Identifying Colors: Real World vs. Electronics

How many shades of green has God created? How about blue? When I was a child, we loved to color and took our time selecting the correct shade. Did we want yellow green or granny smith apple green? Would cornflower blue be the color or maybe we’d choose periwinkle?

Funny thing is, I can still smell those crayons. My mind still feels the coolness of the wax and recalls how difficult it was to peel back the paper without tearing it all the way off. We had to leave the paper on to remember the color, ’cause we had one of those big boxes of 64.

I evaluate a lot of young children and if they’re 2ish or 3ish, we identify basic colors. Here’s what often happens:

Mom will report, “She knows her colors because she plays those games on the iPad.” Then the evaluator will place four small squares on a table—blue, red, yellow, and green. The child is then given another square, say a blue one, and asked, “Which square on the table matches that one?”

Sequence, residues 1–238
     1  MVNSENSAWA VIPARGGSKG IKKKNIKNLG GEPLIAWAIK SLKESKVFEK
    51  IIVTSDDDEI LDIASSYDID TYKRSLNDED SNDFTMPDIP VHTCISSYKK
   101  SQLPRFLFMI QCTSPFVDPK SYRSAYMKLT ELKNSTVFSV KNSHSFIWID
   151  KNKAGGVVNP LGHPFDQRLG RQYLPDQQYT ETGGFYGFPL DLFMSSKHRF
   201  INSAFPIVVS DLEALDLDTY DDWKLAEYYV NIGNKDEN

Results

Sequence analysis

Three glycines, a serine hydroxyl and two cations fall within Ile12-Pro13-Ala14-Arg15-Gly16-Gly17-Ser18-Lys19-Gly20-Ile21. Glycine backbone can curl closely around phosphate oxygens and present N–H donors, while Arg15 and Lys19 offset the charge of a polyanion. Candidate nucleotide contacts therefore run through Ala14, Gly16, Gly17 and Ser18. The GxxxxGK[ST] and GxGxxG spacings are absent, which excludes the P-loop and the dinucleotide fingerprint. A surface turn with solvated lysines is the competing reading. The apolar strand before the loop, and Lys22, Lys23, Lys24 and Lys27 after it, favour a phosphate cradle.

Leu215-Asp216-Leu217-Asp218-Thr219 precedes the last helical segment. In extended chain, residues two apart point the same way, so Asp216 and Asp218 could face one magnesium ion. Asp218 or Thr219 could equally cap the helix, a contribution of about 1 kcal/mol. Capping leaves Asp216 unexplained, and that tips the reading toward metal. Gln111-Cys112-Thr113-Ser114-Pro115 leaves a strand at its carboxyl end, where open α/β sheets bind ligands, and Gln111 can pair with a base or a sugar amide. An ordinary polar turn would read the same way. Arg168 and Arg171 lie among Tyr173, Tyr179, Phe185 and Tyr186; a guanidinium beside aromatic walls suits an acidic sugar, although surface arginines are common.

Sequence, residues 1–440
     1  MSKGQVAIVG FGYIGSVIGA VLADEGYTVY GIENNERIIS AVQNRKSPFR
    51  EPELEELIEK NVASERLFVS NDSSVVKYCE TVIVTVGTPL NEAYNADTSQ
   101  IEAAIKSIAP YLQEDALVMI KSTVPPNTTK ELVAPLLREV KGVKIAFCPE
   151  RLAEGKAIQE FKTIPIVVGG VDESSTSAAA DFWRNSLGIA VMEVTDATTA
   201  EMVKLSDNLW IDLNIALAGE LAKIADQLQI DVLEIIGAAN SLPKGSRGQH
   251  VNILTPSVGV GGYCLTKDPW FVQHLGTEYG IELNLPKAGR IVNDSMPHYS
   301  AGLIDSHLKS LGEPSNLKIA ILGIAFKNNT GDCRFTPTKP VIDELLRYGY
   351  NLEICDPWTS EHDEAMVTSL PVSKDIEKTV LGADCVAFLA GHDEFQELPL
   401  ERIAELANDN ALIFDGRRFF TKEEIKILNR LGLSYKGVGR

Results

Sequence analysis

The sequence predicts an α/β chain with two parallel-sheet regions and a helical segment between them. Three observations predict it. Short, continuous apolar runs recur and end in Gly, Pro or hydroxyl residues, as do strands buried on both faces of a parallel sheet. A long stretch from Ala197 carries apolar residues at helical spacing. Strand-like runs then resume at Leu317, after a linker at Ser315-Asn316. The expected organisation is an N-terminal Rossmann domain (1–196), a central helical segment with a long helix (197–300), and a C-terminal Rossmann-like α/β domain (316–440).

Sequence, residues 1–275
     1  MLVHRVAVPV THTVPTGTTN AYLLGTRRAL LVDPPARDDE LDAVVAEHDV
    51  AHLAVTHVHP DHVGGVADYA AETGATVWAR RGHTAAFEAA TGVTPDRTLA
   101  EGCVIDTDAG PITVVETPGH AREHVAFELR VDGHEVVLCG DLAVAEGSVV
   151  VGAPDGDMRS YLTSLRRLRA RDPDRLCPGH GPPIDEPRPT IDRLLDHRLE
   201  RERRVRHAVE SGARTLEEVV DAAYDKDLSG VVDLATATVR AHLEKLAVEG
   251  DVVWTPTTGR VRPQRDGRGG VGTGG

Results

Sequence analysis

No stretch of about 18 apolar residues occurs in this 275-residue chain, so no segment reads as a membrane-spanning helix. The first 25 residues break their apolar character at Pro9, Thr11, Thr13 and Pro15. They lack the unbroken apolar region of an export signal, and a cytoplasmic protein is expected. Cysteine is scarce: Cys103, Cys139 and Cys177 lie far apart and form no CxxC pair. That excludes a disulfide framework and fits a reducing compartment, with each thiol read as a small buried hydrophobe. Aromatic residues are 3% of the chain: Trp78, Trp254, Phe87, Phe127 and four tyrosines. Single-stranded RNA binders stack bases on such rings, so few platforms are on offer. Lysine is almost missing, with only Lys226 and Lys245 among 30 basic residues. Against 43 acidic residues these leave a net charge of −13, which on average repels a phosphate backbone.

Sometimes they get it and often they do not. Could it be they don’t understand the words of the instructions? Yes, that could be it. However, it is also possible, and I believe entirely plausible, the iPad skills are not necessary transferable to the real world.

If we took a child outside and pointed at a holly leaf and asked, “What color is this?” Would they know it is a dark green? What about a slice of key lime pie? Would they know that is a light green?

Electronics have their place and they’ve invaded our world whether we like them or not. But, God’s world is so much more varied.

I took a walk the other day and admired the light green of the spring grass and also the dark waxy leaves of the Southern Magnolia. The trail was bordered by wildflowers and I thought I’d share one. (see below) What color would you say it is?


Yeah, I know I’m a nature lover and not a gamer or an addict to electronics. But, maybe your son or daughter would prefer to be outside as I do. God is still creating nature lovers.

Get those kids outside and talk about colors in the natural world. It is so much more beautiful than anything man could ever hope to build.

When I think of those children who never color with a crayon, I realize they’ll never remember how crayons smell or how cool the wax is. They’ll only have a visual image of a color on a glassy screen. And, I think that’ll be a very shallow and forgettable memory.

Did you love to color too?

(Top photo by Pixabay. Bottom photo by me)

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